The spiritual nature of the experience is more difficult to describe. The Gathering of the Eagles Canoe Journey focuses on slowing down and listening to our ancestors so we can learn from them about how to respect our earth, sky, and waters:

“Leave your ego at home” (Sul ka dub Phreddie Lane, Lummi)

“This feels like the right thing to do, even if it doesn’t make any sense” (Litha Booi, South Africa, about a decision guided by indigenous wisdom)

“Seven days of paddling from homeland island to homeland island of Lummi ancestral grounds was like waking in a living dream…we felt the heartbeat of the Salish Sea” (Whaia Whaea, Australia)

The journey overflowed with acknowledgment and appreciation for the contributions of all. The spirit of the northwest potlatch permeated the Gathering: traditionally, indigenous wealth wasn’t determined by how much a person possessed, but by how much they gave away. All guests returned home with gifts.

Our participation in Gathering of the Eagles brought to mind words about “good work” from Rev Karen Van Fossan’s sermon on May 12:
“…prepping food, chopping wood, sorting donations, mediating conflicts, facilitating ceremonies, or otherwise, this work affirmed our dignity and our belonging; in affirming our shared humanity, this work created a context in which we were less likely to resort to interpersonal violence ourselves – most of our deepest needs were met, including the need to give of ourselves with generosity and purpose…”

A video that captures the spirit of the Gathering of the Eagles (thanks to Matt Wickey, a friend of guests from the Hawaiian Outrigger Canoe Voyaging Society) is available at facebook.com/731096245/videos/984226512808979.

by Carrie Bowman, Indigenous Connections

Dubai to Baku Event

Dubai to Baku Event

The Indigenous Connections Team hosted a wonderful event at the Duwamish Longhouse on April 20. The Duwamish Tribe donated the Longhouse and several members of the tribe attended the event. About 15 current and former East Shore members attended, including Reva María Cristina, who opened the event with a welcome and blessing. Members of other local UU churches also contributed food and volunteer time: University UC, Northlake UUC, Woodinville UUC, and Westside UUC members showed up and supported the event. The Duwamish Alive Coalition worked with us to get the word out and even ended their morning work parties early so that volunteers could attend our event in the afternoon.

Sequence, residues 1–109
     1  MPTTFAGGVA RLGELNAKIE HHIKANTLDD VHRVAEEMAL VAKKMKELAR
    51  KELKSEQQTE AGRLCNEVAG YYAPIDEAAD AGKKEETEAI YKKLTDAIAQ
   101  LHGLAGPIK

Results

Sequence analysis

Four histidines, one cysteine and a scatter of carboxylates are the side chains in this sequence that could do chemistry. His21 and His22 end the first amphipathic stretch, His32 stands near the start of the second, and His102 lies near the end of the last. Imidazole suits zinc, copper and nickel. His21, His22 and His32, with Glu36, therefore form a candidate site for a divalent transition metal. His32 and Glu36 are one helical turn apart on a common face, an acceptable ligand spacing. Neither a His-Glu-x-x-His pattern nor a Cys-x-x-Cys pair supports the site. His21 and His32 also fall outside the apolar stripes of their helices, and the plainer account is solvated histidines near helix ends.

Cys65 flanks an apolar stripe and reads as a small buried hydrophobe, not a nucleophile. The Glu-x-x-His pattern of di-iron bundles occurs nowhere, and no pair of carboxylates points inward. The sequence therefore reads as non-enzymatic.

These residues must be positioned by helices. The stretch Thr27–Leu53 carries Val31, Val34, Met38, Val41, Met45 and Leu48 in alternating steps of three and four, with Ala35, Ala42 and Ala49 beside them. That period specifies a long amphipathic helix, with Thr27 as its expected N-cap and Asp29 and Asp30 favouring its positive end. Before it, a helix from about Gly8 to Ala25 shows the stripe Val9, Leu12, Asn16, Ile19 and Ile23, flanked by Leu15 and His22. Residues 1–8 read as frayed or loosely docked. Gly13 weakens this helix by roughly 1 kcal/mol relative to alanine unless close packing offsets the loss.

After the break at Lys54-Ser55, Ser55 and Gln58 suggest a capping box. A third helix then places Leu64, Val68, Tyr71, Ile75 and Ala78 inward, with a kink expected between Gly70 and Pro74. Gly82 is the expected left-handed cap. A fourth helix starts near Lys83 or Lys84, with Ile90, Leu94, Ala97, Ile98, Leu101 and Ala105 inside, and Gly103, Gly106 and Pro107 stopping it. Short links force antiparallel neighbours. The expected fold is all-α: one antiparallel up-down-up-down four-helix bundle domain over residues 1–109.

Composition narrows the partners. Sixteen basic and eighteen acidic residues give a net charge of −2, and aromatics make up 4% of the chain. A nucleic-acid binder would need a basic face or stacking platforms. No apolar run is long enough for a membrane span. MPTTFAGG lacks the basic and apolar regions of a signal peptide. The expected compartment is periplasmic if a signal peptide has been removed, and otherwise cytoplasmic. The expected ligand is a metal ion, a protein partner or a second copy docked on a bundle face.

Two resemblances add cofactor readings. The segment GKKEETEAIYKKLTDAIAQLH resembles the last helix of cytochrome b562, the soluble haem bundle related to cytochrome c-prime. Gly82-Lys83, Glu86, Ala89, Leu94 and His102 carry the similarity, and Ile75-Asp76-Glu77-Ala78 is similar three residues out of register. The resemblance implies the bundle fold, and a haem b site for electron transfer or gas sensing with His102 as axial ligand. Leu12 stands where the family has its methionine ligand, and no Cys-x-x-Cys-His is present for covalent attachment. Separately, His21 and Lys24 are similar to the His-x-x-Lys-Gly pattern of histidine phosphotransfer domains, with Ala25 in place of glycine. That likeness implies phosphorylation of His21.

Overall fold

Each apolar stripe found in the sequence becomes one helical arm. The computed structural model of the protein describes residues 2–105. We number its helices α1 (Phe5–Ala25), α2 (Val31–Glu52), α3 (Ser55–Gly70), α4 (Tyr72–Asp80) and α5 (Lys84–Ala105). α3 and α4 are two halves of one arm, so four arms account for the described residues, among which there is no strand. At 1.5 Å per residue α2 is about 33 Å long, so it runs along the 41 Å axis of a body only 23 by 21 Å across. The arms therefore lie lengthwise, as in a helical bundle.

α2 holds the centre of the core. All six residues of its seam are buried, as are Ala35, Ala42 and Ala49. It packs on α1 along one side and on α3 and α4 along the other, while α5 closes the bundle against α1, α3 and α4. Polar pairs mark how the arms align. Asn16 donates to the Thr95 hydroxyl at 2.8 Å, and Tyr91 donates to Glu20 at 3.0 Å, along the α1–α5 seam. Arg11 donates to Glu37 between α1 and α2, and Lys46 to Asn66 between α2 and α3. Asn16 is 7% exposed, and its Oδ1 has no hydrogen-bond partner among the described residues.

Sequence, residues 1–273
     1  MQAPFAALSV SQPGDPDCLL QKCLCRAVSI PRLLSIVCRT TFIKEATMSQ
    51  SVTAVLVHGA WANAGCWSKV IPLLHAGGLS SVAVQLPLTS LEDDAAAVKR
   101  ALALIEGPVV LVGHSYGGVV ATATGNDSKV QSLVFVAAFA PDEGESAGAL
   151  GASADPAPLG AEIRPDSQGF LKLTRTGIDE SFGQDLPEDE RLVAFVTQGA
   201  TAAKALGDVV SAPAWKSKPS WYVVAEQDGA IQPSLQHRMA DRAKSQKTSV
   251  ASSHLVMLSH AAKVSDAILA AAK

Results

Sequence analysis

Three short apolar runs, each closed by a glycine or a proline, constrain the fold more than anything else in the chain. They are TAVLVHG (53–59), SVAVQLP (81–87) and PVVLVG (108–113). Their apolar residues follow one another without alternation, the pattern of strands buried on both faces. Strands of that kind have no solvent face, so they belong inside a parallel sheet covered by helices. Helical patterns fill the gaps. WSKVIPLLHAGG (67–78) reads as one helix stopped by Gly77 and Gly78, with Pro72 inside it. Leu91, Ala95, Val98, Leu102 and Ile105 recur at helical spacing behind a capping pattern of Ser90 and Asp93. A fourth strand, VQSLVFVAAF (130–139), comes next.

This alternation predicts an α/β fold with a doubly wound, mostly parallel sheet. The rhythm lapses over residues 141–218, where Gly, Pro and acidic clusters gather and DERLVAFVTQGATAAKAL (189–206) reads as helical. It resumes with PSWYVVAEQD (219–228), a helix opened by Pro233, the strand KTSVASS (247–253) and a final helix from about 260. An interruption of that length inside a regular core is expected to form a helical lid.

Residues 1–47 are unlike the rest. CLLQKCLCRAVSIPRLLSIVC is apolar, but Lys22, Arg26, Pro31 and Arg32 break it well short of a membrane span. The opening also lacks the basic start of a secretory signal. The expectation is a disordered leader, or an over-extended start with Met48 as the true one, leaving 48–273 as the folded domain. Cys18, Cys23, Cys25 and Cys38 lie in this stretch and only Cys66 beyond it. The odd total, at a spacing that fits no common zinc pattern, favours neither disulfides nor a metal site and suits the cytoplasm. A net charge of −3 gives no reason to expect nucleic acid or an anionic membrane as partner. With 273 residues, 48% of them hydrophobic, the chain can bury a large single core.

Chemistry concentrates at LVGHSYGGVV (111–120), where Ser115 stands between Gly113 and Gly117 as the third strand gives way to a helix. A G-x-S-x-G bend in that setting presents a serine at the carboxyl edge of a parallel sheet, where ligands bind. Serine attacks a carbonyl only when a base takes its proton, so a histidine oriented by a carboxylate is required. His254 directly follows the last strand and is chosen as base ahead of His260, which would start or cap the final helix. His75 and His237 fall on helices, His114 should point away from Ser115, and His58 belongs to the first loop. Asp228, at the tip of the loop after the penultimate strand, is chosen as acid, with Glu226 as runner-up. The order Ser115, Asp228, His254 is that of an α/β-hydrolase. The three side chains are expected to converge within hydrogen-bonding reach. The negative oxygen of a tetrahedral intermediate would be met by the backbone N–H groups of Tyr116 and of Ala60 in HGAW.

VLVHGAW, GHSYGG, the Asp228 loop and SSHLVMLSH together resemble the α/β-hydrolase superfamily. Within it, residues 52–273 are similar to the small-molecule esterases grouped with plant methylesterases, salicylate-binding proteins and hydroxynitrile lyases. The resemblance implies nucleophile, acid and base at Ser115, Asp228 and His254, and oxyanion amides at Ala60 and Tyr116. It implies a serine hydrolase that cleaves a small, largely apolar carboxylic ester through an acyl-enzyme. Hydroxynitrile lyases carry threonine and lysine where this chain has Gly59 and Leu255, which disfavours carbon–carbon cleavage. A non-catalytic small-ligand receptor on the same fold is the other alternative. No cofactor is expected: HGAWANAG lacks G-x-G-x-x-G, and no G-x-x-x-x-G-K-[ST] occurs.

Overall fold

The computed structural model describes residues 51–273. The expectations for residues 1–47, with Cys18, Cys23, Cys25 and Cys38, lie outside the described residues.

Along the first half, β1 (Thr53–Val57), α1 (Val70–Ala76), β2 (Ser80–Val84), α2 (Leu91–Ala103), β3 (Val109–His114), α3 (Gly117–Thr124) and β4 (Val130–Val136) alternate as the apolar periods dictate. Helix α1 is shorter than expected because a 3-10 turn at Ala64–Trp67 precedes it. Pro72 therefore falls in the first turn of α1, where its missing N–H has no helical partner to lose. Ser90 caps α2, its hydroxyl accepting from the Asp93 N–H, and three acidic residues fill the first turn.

Jacob Johns (Akimel O’Otham and Hopi) and Jeff Ferguson (Spokane) honored all of us with moving, inspiring stories, and their energy was infectious. The Longhouse was bursting at the seams: full of people, full of the moving spirit, and full of love for our earth, sky, and waters. We counted 70 people at the peak.

One of the goals of the event was to make the connection between local, hands-on earth-water stewardship and an international presence of indigenous voices, lifting up our earth-water relatives and anchored by prayer, song, and ceremony. Several people noted the powerful message that all efforts matter, whether at COP, along the Duwamish River, or in the Longhouse: All of us moving in the same direction toward climate justice and a more respectful, reciprocal relationship to Mother Earth can shift our world and our planet. As Jacob says, “The future is not yet written.”

by Carrie Bowman, Indigenous Connections

May is AAPI Month

May is AAPI Month

May is Asian American and Pacific Islander Heritage Month and we recommend the following books for adults and children that center and honor the stories and histories of Asian Americans and Pacific Islanders. In response to the continuing escalation in xenophobia and bigotry resulting from the COVID-19 pandemic, it is even more necessary to lift up these stories and reckon with this nation’s anti-Asian racism. Here are some books to help you learn:

  • We Are Here: 30 Inspiring Asian Americans and Pacific Islanders Who Have Shaped the United States by Naomi Hirahara and illustrated by Illi Ferandez
  • Asian American is Not a Color: Conversations on Race, Affirmative Action, and Family by OiYan A. Poon
  • We Who Produce Pearls: An Anthem for Asian America by Joanna Ho and illustrated by Amanda Phingbodhipakkiya
  • Made in Asian America: A History for Young People by Erika Lee and Christina Soontornvat
  • On Gold Hill: A Personal History of Wheat, Farming, and Family From Punjab to California by Jaclyn Moyer
  • The House Before Falling into the Sea by Ann Suk Wang and illustrated by Hanna Cha

You can also learn more at asianpacificheritage.gov

And check out the trailer of Vivien Hao’s documentary “Invisible No More” which was partly filmed at East Shore. We’ll have the documentary premiere in September at East Shore.